[custom_frame_left][/custom_frame_left]As college freshmen experience their first taste of real freedom, making smart financial decisions is probably the last thing on their mind. But if you’re a parent who has recently sent your child off to college, you might be concerned about helping your child learn to manage their finances responsibly. Whether you’re helping pay for your child’s education or if they will be paying for it themselves, we’ve compiled a list of financial tips every college freshman should know, to help freshmen and their parents navigate this milestone.
According to the U.S. National Center for Education Statistics, 21.6 million students are expected to attend American colleges and universities in 2012. With the cost of tuition rising each year, there’s no doubt that those 21.6 million students are going to be looking for ways to earn extra money, cut costs, and help pay for their education.
Make a Plan
First of all, help your child make a list of their anticipated expenses, including tuition, books, living expenses, and entertainment. Then identify their sources of income. Comparing the two will help you identify if their expenses outweigh their income. Talk to your child about any discrepancies and how they can address them. Discuss any support they can expect from you or if they will need to get a job.
If your child has already entered college, it’s likely you’ve been through the process of applying for financial aid. But there are always opportunities for your child to apply for more grants or scholarships. Websites such as www.collegeboard.com, www.fastweb.com, www.finaid.com, and www.salliemae.com are great places to start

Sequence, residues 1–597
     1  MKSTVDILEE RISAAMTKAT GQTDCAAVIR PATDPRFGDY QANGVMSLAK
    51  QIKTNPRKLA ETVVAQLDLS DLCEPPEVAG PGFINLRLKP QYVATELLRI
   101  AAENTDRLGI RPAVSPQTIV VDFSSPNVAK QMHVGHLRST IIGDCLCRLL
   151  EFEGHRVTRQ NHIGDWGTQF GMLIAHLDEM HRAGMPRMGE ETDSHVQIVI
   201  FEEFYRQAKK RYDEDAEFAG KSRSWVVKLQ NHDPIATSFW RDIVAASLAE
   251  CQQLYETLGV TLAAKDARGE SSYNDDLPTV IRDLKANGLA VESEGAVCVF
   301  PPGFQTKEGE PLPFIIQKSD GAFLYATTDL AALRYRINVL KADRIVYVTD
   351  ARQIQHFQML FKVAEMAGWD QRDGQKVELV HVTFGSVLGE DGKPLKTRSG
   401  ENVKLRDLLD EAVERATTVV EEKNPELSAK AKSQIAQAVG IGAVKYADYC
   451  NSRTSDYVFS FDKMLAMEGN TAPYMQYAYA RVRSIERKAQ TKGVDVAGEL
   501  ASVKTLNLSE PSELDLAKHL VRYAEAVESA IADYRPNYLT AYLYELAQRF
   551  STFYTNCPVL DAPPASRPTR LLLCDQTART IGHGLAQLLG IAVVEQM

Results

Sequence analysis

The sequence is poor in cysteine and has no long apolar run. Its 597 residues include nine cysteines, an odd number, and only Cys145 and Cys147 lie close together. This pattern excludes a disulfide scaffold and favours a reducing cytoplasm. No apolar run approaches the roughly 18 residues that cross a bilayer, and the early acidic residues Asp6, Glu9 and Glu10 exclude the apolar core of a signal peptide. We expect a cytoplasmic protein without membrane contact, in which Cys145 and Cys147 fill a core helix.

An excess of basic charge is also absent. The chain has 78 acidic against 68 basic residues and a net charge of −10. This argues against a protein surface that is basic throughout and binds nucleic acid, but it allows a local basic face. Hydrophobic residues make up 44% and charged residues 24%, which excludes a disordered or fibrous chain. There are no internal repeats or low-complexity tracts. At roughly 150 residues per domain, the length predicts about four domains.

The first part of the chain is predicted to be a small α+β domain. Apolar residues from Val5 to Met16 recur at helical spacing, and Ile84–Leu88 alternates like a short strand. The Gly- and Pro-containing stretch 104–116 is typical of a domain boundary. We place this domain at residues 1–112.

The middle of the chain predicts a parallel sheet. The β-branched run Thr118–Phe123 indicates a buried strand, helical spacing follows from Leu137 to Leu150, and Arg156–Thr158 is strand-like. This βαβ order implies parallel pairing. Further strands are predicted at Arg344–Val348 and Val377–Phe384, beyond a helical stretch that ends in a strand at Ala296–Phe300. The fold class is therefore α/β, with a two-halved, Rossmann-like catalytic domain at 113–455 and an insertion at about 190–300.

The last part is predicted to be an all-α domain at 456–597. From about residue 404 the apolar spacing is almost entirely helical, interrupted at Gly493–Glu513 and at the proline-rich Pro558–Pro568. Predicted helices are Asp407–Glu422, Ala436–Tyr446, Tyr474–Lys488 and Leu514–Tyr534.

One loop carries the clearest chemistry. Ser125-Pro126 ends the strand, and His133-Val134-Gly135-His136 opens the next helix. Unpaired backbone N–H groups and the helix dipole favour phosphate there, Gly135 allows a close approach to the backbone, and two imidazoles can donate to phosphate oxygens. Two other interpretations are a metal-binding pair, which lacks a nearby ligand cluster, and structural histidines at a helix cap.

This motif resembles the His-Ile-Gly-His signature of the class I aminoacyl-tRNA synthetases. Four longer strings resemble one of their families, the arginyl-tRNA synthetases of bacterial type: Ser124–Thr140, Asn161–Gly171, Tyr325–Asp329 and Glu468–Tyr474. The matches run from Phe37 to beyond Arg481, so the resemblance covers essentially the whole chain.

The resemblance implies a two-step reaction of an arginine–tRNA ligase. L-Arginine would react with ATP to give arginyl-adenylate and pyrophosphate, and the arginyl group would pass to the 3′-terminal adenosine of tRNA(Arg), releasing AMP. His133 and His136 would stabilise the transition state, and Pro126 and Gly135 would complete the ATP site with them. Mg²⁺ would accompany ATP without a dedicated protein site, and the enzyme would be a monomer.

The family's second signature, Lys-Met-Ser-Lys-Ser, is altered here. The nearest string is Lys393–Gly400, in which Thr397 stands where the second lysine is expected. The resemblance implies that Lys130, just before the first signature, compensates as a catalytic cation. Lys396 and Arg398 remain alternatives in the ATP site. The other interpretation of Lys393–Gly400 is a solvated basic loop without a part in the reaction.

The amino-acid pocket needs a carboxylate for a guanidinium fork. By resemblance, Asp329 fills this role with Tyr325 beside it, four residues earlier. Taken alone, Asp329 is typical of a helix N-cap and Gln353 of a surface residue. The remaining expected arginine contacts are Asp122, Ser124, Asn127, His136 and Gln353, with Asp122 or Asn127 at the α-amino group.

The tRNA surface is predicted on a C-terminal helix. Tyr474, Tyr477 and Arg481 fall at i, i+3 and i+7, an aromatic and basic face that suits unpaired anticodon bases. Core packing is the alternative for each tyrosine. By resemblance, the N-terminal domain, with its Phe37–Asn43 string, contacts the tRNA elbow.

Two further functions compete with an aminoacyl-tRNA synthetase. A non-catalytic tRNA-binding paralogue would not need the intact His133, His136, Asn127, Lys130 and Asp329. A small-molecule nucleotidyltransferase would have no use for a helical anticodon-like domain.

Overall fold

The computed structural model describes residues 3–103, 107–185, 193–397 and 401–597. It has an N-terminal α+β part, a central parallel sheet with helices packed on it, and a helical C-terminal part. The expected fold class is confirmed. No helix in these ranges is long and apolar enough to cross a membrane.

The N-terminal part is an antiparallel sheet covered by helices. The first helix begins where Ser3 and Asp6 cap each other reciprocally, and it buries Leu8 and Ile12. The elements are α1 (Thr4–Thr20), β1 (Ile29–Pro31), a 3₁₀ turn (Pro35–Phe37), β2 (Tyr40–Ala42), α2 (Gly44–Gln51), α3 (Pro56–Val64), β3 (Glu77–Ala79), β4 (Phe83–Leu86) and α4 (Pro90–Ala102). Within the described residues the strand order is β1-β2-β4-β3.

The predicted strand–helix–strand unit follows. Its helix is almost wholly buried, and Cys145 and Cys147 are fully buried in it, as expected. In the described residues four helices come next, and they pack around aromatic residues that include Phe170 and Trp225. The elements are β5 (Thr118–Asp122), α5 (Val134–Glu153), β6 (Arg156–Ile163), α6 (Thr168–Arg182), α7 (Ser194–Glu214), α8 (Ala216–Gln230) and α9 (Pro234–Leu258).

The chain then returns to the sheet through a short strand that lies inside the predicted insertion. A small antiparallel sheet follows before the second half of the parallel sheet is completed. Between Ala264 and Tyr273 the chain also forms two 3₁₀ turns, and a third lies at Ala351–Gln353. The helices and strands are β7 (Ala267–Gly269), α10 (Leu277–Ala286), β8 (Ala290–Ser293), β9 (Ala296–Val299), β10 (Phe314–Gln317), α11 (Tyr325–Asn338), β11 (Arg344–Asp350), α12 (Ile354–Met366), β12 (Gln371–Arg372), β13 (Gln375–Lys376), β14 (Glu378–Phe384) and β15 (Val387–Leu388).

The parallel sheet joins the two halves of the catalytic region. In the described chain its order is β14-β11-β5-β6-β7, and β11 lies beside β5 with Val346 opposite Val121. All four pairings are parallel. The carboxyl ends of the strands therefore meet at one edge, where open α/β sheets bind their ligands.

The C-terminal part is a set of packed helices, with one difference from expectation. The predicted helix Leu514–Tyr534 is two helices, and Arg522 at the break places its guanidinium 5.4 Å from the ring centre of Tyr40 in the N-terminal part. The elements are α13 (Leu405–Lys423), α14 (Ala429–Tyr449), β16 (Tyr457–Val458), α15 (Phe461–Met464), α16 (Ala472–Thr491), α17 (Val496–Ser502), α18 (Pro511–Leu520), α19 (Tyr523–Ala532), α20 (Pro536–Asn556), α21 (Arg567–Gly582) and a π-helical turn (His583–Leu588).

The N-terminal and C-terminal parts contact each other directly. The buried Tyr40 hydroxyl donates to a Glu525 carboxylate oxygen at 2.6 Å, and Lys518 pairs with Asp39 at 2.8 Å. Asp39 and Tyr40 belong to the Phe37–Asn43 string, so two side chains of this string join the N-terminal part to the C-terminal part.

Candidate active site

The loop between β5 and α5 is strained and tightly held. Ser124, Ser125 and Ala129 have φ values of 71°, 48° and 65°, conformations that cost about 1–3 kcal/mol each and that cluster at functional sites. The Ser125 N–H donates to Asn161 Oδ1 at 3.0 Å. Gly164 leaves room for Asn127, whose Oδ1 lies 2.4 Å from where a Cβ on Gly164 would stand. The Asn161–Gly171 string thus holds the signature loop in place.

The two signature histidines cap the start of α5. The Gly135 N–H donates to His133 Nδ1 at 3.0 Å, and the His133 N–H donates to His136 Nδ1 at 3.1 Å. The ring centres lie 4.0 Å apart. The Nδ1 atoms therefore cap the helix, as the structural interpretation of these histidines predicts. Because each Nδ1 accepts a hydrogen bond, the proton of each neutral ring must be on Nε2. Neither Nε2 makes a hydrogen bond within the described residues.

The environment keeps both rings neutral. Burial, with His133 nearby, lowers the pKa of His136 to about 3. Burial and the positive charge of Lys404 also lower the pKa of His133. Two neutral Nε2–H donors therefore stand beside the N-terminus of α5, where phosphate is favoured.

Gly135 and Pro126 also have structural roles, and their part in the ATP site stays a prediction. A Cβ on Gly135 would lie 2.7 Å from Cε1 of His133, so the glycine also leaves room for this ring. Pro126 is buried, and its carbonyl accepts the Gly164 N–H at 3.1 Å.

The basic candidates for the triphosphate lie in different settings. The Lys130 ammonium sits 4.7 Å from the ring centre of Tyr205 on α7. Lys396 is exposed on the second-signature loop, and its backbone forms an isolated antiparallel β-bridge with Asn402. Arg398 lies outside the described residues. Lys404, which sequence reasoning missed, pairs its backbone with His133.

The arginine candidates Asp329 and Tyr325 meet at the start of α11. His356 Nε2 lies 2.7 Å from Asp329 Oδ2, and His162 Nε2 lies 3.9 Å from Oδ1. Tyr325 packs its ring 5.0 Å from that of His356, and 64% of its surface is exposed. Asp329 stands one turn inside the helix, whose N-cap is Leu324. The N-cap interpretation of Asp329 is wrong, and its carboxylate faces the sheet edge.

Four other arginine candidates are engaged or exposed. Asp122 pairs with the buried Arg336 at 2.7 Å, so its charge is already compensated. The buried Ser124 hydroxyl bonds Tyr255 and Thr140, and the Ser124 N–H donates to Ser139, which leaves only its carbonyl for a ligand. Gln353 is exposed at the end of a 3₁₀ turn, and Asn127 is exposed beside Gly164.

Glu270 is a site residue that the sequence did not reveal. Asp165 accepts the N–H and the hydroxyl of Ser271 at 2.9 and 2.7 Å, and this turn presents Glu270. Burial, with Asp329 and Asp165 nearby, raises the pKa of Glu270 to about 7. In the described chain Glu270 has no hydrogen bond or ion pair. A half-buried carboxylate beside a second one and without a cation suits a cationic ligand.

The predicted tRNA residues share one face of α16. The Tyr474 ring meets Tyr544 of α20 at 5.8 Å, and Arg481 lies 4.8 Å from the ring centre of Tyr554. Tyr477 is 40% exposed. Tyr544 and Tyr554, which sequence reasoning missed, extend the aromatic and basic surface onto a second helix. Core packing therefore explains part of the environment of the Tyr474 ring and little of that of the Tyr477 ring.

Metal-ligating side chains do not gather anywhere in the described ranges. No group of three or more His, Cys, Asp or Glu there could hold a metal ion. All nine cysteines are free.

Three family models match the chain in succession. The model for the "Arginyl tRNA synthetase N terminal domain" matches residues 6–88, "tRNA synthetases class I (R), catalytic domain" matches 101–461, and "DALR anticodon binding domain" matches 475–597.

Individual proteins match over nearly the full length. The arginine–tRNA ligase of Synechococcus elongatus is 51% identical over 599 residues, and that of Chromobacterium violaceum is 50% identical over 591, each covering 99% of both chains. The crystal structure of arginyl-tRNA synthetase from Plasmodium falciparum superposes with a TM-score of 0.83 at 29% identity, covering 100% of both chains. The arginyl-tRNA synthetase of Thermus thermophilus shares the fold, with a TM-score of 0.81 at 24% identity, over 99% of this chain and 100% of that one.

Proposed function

If your child needs to apply for loans, be sure they understand the repayment terms and the obligation. Encourage them to talk to the financial aid office located at their university, in addition to filing new FAFSA forms each year
Saving on Expenses
There are many ways college freshmen can cut costs without feeling like they’re missing out. For example, universities often offer a variety of meal plan. Before just choosing the most expensive (usually an “unlimited”) option, ask your child to evaluate their eating habits. If they typically eat a granola bar or cereal for breakfast and don’t eat much for lunch, they may be able to keep more food in their room and save on a more expensive meal plan.
Many businesses offer student discounts. Students can save money at the movies, when they order pizza, even when they purchase airfare. Encourage your child to ask about discounts before they make purchases.
There are also opportunities to save on text books. You can often rent or purchased used books. Often, universities will buy back textbooks from students at the end of the semester.
Students may also be able to save money on transportation. Most universities are designed for students to walk, bike, or take a bus or shuttle. They will often charge a fee for parking that may not be worth the expense if your child won’t be driving much. If your child will have a vehicle while at school, be sure to inquire about student discounts for insurance.
Getting a Job
Most college students will have to get a job at some point in their college career. One of the most practical options is for students to obtain on-campus positions. Not only does this cut down on travel time and offer flexible schedules, but students might also be able to find a job that is related to their major and sometimes even counts as credit toward their degree.
If your child is considering an off-campus job, be sure their potential employers are aware of their class schedule. Your child should be sure that if they accept a job that it leaves enough time for them to study and prepare for classes.
Provide Education About Saving and Financial Planning
In our article Teaching Kids About Money, we discussed a number of ways to teach your children responsible money management. You should continue the discussion with them about saving money, planning for retirement, and avoiding credit cards.